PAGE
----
• Last Active Player:  Rickey Henderson.  Jesse Orosco doesn’t have a card in this set, so Henderson is the only player from the set who was still active in 2003.

The blue & red wax box has a large baseball in the bottom-center with the “Topps” logo and the words “Baseball – the Real one” over it.  Above that are a fanned-out stack of cards.  The MLB licensing logo is in the lower right-hand corner.

After an appeal by Topps to the  case “Fleer Corp. v. Topps Chewing Gum, 1980”, Fleer and Donruss were still allowed to issue MLB card sets, however their packaging was no longer allowed to include bubblegum.  Donruss would issue puzzle cards, Fleer issued stickers with its cards.  So Topps was again the only company issuing the standard gum with their cards.  And 28 years later, when I open this box, I’ll be rewarded with 36 pieces of stale gum sticks and 36 cards with stains.  Just hoping a Ripken RC isn’t one of those.

Other items of relevance (or irrelevance, depending on your perspective):

Factory Set

For the first time, Topps issued a full factory set. It was available for order in J.C. Penney’s Christmas Catalog.  This set did not sell as well as it would in subsequent years, and is now very rare (read: expensive).

Update Set

Topps again released a 132-card Topps Traded set in factory set form.  This year, the set was numbered separately from the base set (#1-132).

Parallel Set

Canadian-based O-Pee-Chee again issued a set that was a partial parallel to the Topps base set.  Each of the cards in the 396-card set had the same design and photographs as the Topps set, with lighter card stock and bi-lingual backs (French and English).  The set leans contains more players from the Canadian teams, though this time subsets from the base Topps set (In-Action and All-Stars) were included.  Since the Future Stars subsets aren’t included, Cal Ripken’s RC isn’t included.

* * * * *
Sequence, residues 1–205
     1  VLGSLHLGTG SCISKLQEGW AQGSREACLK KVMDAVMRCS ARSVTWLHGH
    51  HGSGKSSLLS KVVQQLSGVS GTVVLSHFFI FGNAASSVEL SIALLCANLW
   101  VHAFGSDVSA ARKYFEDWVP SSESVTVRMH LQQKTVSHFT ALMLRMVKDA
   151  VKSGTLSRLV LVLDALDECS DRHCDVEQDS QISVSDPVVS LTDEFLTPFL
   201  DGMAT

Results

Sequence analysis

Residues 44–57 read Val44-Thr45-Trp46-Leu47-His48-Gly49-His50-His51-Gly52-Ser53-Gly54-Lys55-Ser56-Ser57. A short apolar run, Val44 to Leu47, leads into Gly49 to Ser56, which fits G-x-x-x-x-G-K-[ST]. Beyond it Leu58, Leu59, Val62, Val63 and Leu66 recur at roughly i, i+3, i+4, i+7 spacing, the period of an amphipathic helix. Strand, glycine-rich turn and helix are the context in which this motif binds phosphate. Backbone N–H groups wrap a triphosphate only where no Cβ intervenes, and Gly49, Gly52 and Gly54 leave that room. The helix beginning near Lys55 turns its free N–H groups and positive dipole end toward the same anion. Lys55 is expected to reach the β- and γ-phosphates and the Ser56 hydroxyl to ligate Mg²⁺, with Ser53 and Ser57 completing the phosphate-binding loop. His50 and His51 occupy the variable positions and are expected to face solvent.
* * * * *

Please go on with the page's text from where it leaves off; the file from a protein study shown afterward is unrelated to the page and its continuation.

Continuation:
Insert Set

  • Each pack contained one of 48 mini stickers measuring 1-15/16 x 2-9/16 inches. This is kind of like the first insert set (at least the first out of the packs I’ve been buying)!  The sticker set is organized by team; AL cards have a red border, NL cards have a blue border, and are variations of cards from a larger set.  Topps sold the actual 260-card set of the stickers in individual packs at 20¢ for 5-sticker packs. The insert stickers have the same picture and correspond to the same number as the actual set, thus the 48 “insert cards” are skip numbered.  The inserted stickers had different backs; this is the only way to tell them apart.  The set has 6 Hall-of-Famers: Nolan Ryan, Andre Dawson, Gary Carter, Willie Stargell, Reggie Jackson and Rickey Henderson.  There was also 1 Big Red Machine member – Dave Concepcion.


  • For $2 + 60¢ S&H, you could send in for 10 “Official Topps Sports Card Collectors Sheets”; these are 9-card sheets to store your cards, similar to what Ultra-Pro has today.
  • Again, for $5.75 plus 75¢ S&H and 1 Topps (any sport) wrapper, you could send for the 1982 version of the Sports Card Locker.
  • You could send in for the collecting box for the same cost as the year before.
  • The back of packs advertised buying an album for the insert stickers (see below) where Topps cards were sold.

Other releases associated with the Topps flagship

#1 – Topps again issued a couple of team sets as a promotion with Coca-Cola, though it was only 2 teams this year – the Reds and Red Sox.  The cards carry an extra Coca-Cola logo on them, but are otherwise the same as the base set.  The Red Sox set was issued in Brigham’s ice cream stores and also carry their logo.  Each set contains 22 players and 1 header.

That’s the overview – I’ve had a box for quite a while, which I bought at the National. I’ll open it over the next week. I also have a vending box which I bought from an eBay auction along with a 1981 vending box. If I was collecting cards around now, it would be nearing my second birthday. I’d probably be a little stung by the strike, so maybe I’d wait to buy Topps for a little while. Though the ’81 season by Tom Seaver and the Reds’ promise for 1982 would surely get me back quickly.